You know those sequels you know you’re going to love before you read them? That was me and The Archer at Dawn. The Tiger at Midnight is one of my most underrated favorites. I’ve been looking forward to this sequel for over a year at this point – or it feels like that. Keep reading this book review to see how well The Archer at Dawn met my expectations.
A stolen throne. A lost princess. A rescue mission to take back what’s theirs.
For Kunal and Esha, finally working together as rebels, the upcoming Sun Mela provides the perfect guise for infiltrating King Vardaan’s vicious court. Kunal returns to his role as dedicated soldier, while Esha uses her new role as adviser to Prince Harun to seek allies for their rebel cause. A radical plan is underfoot to rescue Jansa’s long-lost Princess Reha—the key to the throne.
But amidst the Mela games and glittering festivities, much more dangerous forces lie in wait. With the rebel’s entry into Vardaan’s court, a match has been lit, and long-held secrets will force Kunal and Esha to reconsider their loyalties—to their countries and to each other.
(Disclaimer: I received this book from Edelweiss. This has not impacted my review which is unbiased and honest.)
The Archer at Dawn gave the characters I loved space to grow. It asks us if we can ever truly change and how one tries to change. Can we go back to what we knew a completely different person? One moment can change our life and The Archer at Dawn is all about the moment after. Whether it be living with the consequences of our actions or using our past to make ourselves a new future, The Archer at Dawn is all about characters and choices.
It has the characters I know and love, Esha and Kunal, and it’s full of banter and mangoes. Featuring dual POV, it allows us to experience the new shifts in consciousness and worlds for both Esha and Kunal. They are so different in some aspects, but also driven by a thirst for change. Even more fun, Teerdhala introduces a competition in The Archer at Dawn! While The Archer at Dawn is certainly more political than The Tiger at Midnight, it is action packed on all fronts.
Some key themes explored in The Archer at Dawn are loyalty, agency, and revenge. They are all inextricably linked together as loyalties are being tested, choices are seemingly made, and the fuel for revenge burns. What will the price of revenge be? And are we finally in a place, with people, who inspire us to seek more than just revenge? Can we let go of the past? These questions all ask us who we want to be. They all ask us whether we will betray our friend’s trust and choose revenge. If we feel we have ‘no choice’ and what a future of choice may look like.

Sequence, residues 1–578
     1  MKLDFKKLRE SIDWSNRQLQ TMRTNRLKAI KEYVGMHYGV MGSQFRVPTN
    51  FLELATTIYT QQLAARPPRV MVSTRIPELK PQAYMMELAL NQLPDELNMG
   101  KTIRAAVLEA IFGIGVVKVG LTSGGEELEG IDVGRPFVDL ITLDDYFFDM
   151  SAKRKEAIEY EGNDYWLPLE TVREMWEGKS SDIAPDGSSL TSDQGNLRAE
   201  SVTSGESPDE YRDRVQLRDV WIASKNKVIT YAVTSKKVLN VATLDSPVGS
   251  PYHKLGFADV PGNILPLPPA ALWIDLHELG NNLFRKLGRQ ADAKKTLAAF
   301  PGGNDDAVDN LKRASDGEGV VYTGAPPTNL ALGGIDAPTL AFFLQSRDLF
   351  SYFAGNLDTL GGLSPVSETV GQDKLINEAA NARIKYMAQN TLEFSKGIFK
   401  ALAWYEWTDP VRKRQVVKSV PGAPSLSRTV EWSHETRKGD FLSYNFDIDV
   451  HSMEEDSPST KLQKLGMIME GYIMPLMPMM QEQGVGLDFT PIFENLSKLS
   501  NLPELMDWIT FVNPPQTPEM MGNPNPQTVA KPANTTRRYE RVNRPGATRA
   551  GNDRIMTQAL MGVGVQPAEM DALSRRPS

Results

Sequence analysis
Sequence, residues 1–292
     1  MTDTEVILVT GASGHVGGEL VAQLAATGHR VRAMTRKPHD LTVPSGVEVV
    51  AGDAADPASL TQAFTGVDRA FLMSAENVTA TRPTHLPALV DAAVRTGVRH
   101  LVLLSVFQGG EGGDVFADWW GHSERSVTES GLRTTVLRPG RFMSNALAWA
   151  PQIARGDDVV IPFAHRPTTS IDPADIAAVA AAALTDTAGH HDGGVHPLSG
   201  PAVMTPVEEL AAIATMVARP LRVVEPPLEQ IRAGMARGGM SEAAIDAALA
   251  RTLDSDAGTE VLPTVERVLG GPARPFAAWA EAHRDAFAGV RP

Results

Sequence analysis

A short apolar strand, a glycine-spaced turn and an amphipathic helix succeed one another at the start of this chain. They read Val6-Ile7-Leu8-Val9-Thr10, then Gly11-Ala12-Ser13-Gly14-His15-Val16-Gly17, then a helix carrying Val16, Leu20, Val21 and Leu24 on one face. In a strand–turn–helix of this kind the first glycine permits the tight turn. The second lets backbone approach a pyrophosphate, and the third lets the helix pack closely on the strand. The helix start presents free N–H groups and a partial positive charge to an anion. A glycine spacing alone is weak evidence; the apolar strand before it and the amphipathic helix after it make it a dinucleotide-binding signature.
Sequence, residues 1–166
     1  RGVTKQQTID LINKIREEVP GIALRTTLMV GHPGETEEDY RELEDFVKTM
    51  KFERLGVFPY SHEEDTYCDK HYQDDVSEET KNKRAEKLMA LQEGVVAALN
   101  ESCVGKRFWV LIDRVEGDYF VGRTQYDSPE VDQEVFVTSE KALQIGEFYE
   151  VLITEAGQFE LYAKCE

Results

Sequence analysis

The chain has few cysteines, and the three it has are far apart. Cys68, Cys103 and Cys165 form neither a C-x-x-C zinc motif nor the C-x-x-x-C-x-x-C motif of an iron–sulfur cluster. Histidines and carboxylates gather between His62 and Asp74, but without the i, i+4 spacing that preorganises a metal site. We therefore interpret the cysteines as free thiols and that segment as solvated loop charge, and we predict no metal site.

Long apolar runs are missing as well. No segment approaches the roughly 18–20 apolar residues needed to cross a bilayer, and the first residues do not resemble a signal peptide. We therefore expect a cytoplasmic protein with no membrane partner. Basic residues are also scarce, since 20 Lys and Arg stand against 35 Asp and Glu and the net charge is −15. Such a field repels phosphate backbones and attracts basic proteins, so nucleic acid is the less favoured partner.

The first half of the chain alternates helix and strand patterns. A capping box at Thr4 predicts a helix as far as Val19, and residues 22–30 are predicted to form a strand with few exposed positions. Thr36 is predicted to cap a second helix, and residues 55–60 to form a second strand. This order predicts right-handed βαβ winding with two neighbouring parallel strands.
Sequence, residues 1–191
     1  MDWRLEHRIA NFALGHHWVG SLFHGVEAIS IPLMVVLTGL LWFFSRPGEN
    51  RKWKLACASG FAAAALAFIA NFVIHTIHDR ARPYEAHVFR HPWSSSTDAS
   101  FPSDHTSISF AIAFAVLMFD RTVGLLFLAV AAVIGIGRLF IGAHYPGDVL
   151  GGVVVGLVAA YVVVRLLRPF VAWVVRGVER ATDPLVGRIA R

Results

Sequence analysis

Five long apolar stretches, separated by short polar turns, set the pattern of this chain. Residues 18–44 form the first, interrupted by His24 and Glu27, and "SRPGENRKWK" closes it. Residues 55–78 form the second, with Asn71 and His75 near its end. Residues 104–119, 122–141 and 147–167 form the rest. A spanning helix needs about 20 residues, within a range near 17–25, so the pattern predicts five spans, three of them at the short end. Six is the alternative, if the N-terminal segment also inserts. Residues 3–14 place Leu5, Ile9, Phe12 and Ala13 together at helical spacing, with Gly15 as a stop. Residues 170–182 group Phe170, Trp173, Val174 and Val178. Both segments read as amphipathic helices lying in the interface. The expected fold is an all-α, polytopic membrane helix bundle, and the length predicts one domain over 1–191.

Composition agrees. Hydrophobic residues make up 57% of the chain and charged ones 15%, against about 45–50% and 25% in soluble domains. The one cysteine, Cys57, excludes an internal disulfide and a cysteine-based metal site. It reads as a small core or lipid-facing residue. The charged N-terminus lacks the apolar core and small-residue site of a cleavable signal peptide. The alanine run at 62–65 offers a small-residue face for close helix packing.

These three themes – revenge, loyalty, and choice – all intersect in the politics of The Archer at Dawn. Wars have been fought and won, enemies made, and loyalties broken. Can we work together finally to see a peaceful end or are we willing to fight once more? When the ashes clear, who should be allowed to be in power. There’s a clear sense of burden and duty of power – and there should be – as different characters are tasked with the question of the future. In these pawns of countries and kingdom, borders and disputes, where do our favorite characters stand? Are there merely weapons in these competitions?
What really keeps me reading every time is the skill with which Teerdhala writes the characters. Esha and Kunal are complex, struggling with their own internal battles, while also being so well matched. Kunal never underestimates Esha – a MAJOR win in my book. At the same time, Esha says she uses her beauty and clothing as armor, a way to use what people might expect of her as a weapon against their understimation. Esha truly has my heart.
And Kunal is just such a soft boi. He is so compassionate and I love that he just wants to end this cycle of violence robbing families of mothers and sisters, brothers and sons. He also has some of my favorite lines in the entire book, “you choose this pain, and you can choose to let it go”. COME ON! Because this is kind of what The Archer at Dawn comes down to: choice.
The Archer at Dawn is a book about deciding who we are and what path we will take. It’s an action packed sequel that will not only deliver masterful plots, twists and turns, but also thoughtful character examination. We can often feel like we have no choice, but the choice to say no, to try again, to say sorry, can always feel more daunting.